Thursday, July 5, 2012

Highlights from the 2012 SBC Annual Meeting

Earlier this week, Veronica shared a few observations from the Cooperative Baptist Fellowship's General Assembly, held a couple weeks ago in Ft. Worth.  The CBF has emerged and grown since the Takeover as a way forward for Baptists who reject the SBC's creedalism, authoritarianism, and rejection of historic Baptist freedoms.

Unsurprisingly, a number of OBU alumni and friends have affiliated with the CBF over the years -- in Shawnee, throughout Oklahoma, and all over the nation and world.  Of course, OBU graduates are still affiliated in large numbers with SBC-related churches and institutions.  But as we'll detail soon, a surprising number of OBU religion and ministry graduates choose non-SBC seminaries and minister in non-SBC churches.  The CBF's ministry, leadership, and lay ranks are filled with OBU faculty, retirees, students, alumni, and friends.

In fact, while fundamentalists were exerting their political power in SBC life, OBU was much more closely aligned with the moderates than with the fundamentalists.  OBU President Bob Agee worked assiduously to protect OBU from the excesses of the Takeover while still maintaining good relations with the BGCO.  Agee's successor, Mark Brister, was seen as a rising star in SBC politics.  At OBU, however, Brister was much more likely to defend OBU's mission than to accede to the fundamentalists' wishes.  He was not a perfect president, of course.  But he did little more than the requisite politicking and good 'ol boy back patting.  To my knowledge, Brister is now out of the SBC elites' inner circle for good.  Clearly, he was not impressed with or swayed by their agenda.

The SBC in OBU Life
During my years at OBU, I was never aware of the SBC annual meeting being a major event in OBU life.  I never heard of any professors (clergy or lay) serving as messengers, though there may have been some.  Given the Convention's recent history of actions that were divisive (cleansing all institutions of moderates) and bizarre (boycotting the Walt Disney Co.), the feeling I got from OBU was that it kept the SBC label and all its racial, social, theological and political baggage at arm's length.  To the extent that faculty and administrators had opinions about the Convention that they shared with students, I usually got the impression that most people thought the SBC had been hijacked by amateurs and ideologues.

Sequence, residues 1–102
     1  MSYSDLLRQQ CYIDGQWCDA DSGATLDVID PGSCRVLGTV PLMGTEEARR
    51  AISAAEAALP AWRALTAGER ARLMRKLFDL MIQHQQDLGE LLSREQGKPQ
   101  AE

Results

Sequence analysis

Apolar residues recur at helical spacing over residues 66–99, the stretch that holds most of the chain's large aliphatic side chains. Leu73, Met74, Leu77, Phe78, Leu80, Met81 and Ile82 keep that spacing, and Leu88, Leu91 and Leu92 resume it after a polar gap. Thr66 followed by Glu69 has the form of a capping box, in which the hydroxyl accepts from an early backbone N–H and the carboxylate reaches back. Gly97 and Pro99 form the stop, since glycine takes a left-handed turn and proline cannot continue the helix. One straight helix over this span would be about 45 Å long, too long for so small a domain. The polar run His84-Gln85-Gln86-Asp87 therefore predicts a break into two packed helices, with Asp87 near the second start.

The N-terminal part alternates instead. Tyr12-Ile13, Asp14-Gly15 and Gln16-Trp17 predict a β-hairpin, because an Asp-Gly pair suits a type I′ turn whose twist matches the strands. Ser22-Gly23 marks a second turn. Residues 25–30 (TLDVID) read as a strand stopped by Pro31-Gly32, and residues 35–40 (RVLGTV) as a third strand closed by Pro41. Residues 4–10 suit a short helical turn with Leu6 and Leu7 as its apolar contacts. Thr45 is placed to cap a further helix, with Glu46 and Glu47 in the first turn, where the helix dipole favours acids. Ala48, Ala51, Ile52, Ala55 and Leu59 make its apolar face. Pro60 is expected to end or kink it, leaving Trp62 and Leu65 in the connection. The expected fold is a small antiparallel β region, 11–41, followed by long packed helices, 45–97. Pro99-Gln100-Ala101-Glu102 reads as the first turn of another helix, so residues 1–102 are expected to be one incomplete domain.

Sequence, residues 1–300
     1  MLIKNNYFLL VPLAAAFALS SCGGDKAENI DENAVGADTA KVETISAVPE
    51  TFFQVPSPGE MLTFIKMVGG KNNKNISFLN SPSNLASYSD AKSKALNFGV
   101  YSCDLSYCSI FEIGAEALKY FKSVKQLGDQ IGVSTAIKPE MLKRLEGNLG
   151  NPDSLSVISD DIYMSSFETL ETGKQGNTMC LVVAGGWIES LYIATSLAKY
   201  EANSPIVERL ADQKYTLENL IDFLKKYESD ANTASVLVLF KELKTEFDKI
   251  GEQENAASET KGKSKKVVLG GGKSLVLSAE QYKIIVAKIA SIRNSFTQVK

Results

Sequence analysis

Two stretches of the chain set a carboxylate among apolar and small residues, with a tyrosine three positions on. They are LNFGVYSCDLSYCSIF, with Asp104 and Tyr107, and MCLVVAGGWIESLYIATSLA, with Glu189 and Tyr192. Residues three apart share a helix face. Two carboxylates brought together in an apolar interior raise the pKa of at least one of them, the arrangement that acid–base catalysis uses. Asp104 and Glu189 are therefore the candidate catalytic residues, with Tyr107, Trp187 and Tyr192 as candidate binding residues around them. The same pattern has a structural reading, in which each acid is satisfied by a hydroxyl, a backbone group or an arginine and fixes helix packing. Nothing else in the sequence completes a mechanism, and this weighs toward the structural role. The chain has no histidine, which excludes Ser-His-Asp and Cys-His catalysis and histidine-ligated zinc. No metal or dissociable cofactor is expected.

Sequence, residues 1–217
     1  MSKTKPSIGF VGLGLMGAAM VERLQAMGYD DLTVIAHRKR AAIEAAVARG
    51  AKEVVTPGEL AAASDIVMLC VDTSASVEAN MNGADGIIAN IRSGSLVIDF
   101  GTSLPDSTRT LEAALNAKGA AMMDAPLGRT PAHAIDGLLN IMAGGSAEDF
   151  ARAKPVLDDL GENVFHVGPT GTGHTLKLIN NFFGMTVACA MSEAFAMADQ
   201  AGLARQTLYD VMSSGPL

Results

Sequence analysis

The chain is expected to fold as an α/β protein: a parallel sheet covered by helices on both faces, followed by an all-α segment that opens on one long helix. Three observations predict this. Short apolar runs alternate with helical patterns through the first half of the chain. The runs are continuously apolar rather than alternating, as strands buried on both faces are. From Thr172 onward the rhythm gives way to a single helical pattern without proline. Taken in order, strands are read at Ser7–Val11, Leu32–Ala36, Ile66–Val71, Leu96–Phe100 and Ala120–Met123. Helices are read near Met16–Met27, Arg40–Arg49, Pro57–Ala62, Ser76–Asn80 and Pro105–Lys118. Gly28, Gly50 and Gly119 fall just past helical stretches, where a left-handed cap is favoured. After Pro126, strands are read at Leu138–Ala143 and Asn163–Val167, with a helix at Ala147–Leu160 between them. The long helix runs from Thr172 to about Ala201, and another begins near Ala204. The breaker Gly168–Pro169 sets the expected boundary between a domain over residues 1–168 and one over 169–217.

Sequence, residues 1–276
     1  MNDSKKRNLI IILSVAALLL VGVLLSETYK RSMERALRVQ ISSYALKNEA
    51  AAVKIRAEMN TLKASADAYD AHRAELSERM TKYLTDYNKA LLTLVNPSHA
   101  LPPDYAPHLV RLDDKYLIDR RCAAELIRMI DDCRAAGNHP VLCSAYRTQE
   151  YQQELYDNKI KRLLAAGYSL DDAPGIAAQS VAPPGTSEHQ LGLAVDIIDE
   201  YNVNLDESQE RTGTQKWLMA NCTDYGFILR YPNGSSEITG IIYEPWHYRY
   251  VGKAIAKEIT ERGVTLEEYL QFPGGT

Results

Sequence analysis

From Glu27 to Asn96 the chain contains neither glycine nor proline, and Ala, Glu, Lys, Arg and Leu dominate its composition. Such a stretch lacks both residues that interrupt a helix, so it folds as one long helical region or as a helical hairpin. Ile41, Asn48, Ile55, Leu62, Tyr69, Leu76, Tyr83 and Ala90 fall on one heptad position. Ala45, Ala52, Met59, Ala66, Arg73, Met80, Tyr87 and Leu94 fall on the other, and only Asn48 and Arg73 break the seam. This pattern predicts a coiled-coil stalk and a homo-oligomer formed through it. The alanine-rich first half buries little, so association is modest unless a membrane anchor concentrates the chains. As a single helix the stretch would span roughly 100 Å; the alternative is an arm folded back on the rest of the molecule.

OBU's motto was "Unashamedly Baptist," but I quickly learned that while OBU was indeed rightly proud of its Baptist heritage, many of its leaders and professors were indeed ashamed of what the SBC had become.  This was especially obvious the day Richard Land came to speak in Raley Chapel (c. 2001), but that's another story for another day.

Sad as it is, given the post-Takeover reality of SBC life, there is precedent for OBU having a presence at the annual meeting.  I don't know whether President Agee attended regularly.  President Brister was a regular fixture.  In fact, I saw him at the only SBC I ever attended.  At the 2000 Orlando convention, I attended the OBU dinner with my parents (we lived in nearby Kissimmee).

So I am not complaining that President Whitlock attends the annual convention.  It's a requisite schmooze-fest that comes with the territory.  I just wish institutional arrangements were such that he didn't have to.  Nothing good can come from strengthening OBU's ties to the SBC, and, as we're seeing, plenty of bad can come from it.  OBU had a booth in the convention hall, as usual.  In this video, Dean Ken Gabrielse shows some class in turning down an opportunity to compare OBU to Liberty University (starts at 4:40).  (I have no such qualms.  There is no comparison, and if OBU ever becomes enough of a joke to merit comparisons to Liberty, then we will have already lost our battle.)

Highlights from the 2012 SBC
This year, OBU sent what seemed like a large contingent to New Orleans well in advance of the convention to give incoming SBC President Fred Luter an honorary doctorate even though he has absolutely no connection to Oklahoma or OBU whatsoever except for being an old buddy of Provost Stan Norman.  This move was pure pandering and, as far as I can tell, utterly without precedent in OBU history.  Attendees included Whitlock, Norman, Fine Arts Dean Ken Gabrielse, and Dean of Spiritual Life Dale Griffin.  I don't know how many of their wives were a part of the junket.  Also, I don't know if they stayed in New Orleans for the entire ten days between the Luter presentation and the SBC meeting, or whether they made two separate trips.  Either way, it seems like a huge waste of money.  Your tuition dollars at work.